Thursday, September 29, 2011

The 10 p.m. Question by Kate de Goldi

Twelve-year-old Frankie Parsons worries about everything. He worries about the batteries missing from the fire alarm, the lack of food in the cupboards, and the “ominous” lightness of the pink china pig that holds loose change for the bus fare. These small events lead Frankie to the “10 p.m. Question” – his nightly talk with his mother that happens to occur at ten o’clock at night, when all of his worries need to be dispelled. His anxiety is palpable and relatable, and just one small detail that makes Frankie so sympathetic and important. Kate de Goldi’s novel follows a few short months in Frankie’s unique and funny life, from February until June.

Frankie’s cat is called the Fat Controller and his father is called Uncle George, a fact that isn’t actually revealed until halfway through the story when Frankie has to re-assert that yes, Uncle George is his father, he just doesn’t call him by that title. Frankie’s life is turned upside down at the arrival of Sydney, a girl with dreadlocks and a history of never staying in the same place for a very long time. Sydney and her siblings are each named after the place that they are born in (one is called Calcutta) and she instantly befriends Frankie and his best friend Gigs. Both boys are impressed by her skill at sports (which surprises them, since the only girl they’ve known to be athletic is their friend David Robinson’s sister: “But Gigs rightly said this was because Julie Robinson was practically a man; she was big and fierce and had a six-pack where other girls had breasts). Frankie starts to like Sydney almost immediately and they begin to write and illustrate a book together for a class project.  

The book is organized by chapters that run every second and fourth Tuesday of the month, which also coincides with the occasion of Frankie’s three great aunts – Alba, Teen, and Nellie – coming over for dinner. The women are described as gloriously fat and full of life, and their visit usually coincides with Frankie’s sister, Gordana, exiting the house. Frankie’s brother Louie, however, always comes over for the dinner (and also to do his laundry and to take the spare change off the counters).

de Goldi completely throws everything into creating memorable characters whose dialogue, description, and action gives them the most physical and tactile presence. For instance, before working in a school, Frankie and Gigs’ teacher, Mr. A, worked in a prison. de Goldi brings out this backstory and history in Mr. A by juxtaposing the sort of unknown past and “battle-hardened” disposition with the more lighthearted comedy that comes from Mr. A’s teaching. The two sides come together frequently throughout the novel, one of which occurs early on:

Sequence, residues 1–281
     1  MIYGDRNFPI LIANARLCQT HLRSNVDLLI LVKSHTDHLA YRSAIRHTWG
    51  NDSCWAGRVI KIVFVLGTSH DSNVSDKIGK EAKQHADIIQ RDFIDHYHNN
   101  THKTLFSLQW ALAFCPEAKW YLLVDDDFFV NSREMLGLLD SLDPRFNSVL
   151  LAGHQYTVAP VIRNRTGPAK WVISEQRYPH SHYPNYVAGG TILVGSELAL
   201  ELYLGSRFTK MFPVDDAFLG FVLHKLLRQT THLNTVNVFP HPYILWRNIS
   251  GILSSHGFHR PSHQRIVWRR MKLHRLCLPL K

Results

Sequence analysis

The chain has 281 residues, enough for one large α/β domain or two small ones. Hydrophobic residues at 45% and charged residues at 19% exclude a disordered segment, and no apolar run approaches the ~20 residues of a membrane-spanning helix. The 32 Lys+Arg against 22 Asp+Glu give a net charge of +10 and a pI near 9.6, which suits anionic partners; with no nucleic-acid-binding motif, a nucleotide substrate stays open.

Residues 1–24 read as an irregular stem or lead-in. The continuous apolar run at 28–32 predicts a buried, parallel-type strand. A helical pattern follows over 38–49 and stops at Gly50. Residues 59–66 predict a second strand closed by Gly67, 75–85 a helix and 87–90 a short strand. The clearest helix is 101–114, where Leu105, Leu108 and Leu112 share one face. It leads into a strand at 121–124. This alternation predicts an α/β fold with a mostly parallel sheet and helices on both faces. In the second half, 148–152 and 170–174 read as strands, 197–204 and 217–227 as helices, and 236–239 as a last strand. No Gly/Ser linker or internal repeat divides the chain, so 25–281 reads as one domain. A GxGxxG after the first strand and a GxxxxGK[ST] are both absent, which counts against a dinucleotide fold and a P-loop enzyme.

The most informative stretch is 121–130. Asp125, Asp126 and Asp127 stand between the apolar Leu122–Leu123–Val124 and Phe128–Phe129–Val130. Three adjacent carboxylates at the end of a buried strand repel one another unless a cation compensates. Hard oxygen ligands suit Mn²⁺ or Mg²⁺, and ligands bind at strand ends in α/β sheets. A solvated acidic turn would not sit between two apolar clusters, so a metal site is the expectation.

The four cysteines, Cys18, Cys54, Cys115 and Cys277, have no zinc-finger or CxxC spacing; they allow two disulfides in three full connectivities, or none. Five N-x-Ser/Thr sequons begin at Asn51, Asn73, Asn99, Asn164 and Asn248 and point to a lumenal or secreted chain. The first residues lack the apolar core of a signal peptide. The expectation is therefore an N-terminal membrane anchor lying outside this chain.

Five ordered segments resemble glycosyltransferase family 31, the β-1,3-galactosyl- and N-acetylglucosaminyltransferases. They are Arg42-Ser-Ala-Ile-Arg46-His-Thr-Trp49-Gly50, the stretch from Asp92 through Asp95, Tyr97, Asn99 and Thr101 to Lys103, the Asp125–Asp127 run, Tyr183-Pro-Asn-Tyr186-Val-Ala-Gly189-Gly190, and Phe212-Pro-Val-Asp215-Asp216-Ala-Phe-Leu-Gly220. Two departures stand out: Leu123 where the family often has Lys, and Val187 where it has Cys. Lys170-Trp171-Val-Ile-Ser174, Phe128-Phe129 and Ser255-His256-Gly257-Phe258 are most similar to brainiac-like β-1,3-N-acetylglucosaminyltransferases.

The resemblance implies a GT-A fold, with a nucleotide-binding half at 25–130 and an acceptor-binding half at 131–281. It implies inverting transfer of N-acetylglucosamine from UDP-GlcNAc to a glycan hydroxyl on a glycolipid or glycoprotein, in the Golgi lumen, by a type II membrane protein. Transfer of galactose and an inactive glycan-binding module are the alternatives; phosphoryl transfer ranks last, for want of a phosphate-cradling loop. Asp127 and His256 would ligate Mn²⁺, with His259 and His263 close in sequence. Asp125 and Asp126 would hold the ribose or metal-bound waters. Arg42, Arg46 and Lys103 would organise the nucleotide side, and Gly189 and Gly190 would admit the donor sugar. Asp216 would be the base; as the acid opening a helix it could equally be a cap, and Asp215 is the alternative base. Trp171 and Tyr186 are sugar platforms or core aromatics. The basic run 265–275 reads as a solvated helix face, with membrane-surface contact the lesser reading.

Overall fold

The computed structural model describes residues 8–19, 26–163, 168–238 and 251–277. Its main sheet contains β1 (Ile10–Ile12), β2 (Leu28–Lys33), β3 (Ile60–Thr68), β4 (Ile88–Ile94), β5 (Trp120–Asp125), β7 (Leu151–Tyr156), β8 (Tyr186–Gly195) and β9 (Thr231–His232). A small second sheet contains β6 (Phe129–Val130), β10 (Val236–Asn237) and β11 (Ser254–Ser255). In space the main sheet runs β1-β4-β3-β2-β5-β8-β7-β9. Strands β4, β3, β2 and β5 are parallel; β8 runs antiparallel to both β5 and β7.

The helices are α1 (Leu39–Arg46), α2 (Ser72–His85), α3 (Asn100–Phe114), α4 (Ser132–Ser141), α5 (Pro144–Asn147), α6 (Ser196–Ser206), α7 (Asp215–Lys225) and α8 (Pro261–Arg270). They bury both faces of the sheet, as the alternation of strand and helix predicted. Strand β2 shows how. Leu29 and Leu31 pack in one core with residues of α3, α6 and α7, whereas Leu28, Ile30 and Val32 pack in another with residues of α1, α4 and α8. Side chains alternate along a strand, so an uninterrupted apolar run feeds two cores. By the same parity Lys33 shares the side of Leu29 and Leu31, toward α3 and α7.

There were many stories circulating at Notts School about the origin of Mr. A’s scar: he’d been in a motorcycle accident; he’d fallen through a window; his wife had thrown a broken plate at him; a deranged prisoner had gone for him with a knife…
“Maybe he just had cheek cancer,” Gigs suggested once. (Frankie hadn’t even known there was such a thing, and he’d added it to his long list of terrifyingly possible diseases.)

But amidst the humor is an underlying feeling of wrongness to Frankie’s life. Even though his mother runs a cake business out of her kitchen, baking teetering layer cakes for the local businesses, she hasn’t left the house in nine years. Frankie has memories of living with his great aunts when he was younger, when his brother and his sister were able to remain at home. And then there are the worries that Frankie repeats in his head about his father’s busyness and the trouble he has in the morning finding things for school and his proclamation, “This house doesn’t work!”

Frankie reminded me a little bit of Christopher from The Curious Incident of the Dog in the Night-time, except this book seems less of a crossover novel than Mark Haddon’s was. The characters, dialogue, and situations in The 10 p.m. Question read so vividly and importantly – de Goldi’s care and investment the story that she creates is evident in her writing. I really came to care a lot about Frankie’s character in the story, and I kind of wanted to share a lot of the small details about him that were collected throughout the book, because they stuck with me for a while. I mean, Frankie’s experience at the swimming pool kind of resonated:

And last Saturday when they’d been there, he’d had his annual unsavory collision with a Band-Aid. There was nothing more revolting in Frankie’s view than freestyling your way, innocent and blissful, into the path of a used Band-Aid. In Frankie’s private hierarchy of squeamish experiences, the casual caress of a stained Band-Aid was right up there with accidentally catching sight of writhing maggots in a forgotten rubbish bag. He’d had to get out of the pool immediately last Saturday and lie on his towel in the sun to recover.

I loved this book. And I loved the characters. And I laughed a lot before it was over. 

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